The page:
On the existing geological maps of the South-Central Pyrenees such as those of Dalloni (1910, 1930), Misch (1934), Almela & Rios (1947) and Alastrue, Almela & Rios (1957) the units distinguished and the colours used represent stratigraphie time intervals. Many stage boundaries, however, fall at levels which may lie anywhere in a homogeneous rock sequence. To overcome this difficulty the practice up to now has been to substitute the nearest marked lithological change for the unmappable time-stratigraphic limit. This simplification hardly matters in small-scale geological maps (scales of 1 : 175,000 and 1 : 200,000). The errors introduced become unjustifiable, however, when mapping on scales of 1 : 10,000 to 1 : 50,000. Pronounced facies changes and diachronism as have been shown to apply to many of the deposits under consideration (Souquet, 1967), add a further complication. Mapping of the Central Pyrenees has been undertaken by the Geological Institute of the University of Leiden and to date the first six, 1 : 50,000, map sheets of the projected series of ten maps have been published. In the course of field studies carried out by the present authors in the South-Central Pyrenees, a lithostratigraphic subdivision was developed which is here published in a condensed form. The subdivision is largely based on physical criteria, recognizable in the field. The units distinguished are formations in the sense of the Code of Stratigraphical Nomenclature (1961).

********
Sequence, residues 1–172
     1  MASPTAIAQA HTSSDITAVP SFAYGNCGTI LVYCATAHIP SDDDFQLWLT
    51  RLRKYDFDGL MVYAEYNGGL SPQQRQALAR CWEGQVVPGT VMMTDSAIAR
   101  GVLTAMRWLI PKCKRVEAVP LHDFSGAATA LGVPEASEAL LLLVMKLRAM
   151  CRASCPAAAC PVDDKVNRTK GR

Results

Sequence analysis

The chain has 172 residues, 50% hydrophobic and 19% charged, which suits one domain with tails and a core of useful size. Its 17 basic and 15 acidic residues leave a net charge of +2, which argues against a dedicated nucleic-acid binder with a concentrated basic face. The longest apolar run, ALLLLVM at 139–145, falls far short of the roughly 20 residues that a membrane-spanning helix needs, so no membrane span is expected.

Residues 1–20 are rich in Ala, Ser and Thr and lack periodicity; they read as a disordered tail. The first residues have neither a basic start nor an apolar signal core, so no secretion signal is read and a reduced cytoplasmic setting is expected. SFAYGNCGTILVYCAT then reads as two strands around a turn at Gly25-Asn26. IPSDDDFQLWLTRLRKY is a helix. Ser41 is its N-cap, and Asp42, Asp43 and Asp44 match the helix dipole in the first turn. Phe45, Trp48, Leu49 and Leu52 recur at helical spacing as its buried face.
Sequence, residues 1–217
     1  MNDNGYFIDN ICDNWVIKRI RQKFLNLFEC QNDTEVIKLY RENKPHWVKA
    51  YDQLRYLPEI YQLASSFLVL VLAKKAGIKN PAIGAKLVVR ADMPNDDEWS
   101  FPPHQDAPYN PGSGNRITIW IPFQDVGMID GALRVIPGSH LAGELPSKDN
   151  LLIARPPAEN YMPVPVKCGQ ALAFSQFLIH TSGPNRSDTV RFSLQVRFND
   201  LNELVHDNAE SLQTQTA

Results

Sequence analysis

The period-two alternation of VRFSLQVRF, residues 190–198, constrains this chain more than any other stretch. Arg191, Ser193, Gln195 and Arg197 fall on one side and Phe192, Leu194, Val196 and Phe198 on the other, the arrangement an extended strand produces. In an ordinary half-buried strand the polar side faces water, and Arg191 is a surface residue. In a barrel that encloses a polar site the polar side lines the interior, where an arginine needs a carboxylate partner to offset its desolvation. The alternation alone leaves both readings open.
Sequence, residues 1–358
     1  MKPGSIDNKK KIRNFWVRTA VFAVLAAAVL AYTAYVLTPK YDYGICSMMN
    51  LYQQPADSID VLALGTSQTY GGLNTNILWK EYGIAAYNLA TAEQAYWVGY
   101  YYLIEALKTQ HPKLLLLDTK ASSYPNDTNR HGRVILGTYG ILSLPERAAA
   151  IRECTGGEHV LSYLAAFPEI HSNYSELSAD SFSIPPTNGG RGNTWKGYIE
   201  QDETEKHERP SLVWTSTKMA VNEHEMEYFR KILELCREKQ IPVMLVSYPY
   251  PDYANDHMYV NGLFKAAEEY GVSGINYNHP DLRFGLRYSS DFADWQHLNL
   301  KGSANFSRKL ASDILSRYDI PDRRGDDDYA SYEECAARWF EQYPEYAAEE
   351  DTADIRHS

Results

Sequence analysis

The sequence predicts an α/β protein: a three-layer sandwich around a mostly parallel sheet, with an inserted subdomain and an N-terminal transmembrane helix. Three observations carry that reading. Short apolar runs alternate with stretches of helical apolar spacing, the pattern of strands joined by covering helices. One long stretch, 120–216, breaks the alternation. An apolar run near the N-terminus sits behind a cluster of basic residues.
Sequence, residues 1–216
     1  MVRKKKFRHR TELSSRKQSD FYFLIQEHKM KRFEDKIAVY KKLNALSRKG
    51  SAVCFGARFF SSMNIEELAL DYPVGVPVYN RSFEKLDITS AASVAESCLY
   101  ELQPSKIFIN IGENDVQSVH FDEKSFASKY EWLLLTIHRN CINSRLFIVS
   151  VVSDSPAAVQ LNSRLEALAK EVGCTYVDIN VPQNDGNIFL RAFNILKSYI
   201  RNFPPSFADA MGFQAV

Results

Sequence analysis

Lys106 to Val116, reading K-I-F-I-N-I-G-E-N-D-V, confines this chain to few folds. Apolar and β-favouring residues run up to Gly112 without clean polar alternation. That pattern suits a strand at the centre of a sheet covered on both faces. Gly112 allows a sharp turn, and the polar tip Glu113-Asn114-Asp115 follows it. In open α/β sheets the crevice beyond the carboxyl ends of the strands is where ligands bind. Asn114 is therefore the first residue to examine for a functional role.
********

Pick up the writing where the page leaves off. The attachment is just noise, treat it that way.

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Journal Leidse Geologische Mededelingen

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Mey, P.H.W, Nagtegaal, P.J.C, Roberti, K.J, & Hartevelt, J.J.A. (1968). Lithostratigraphic subdivision of Post-Hercynian deposits in the South-Central Pyrenees, Spain. Leidse Geologische Mededelingen, 41(1), 221–228.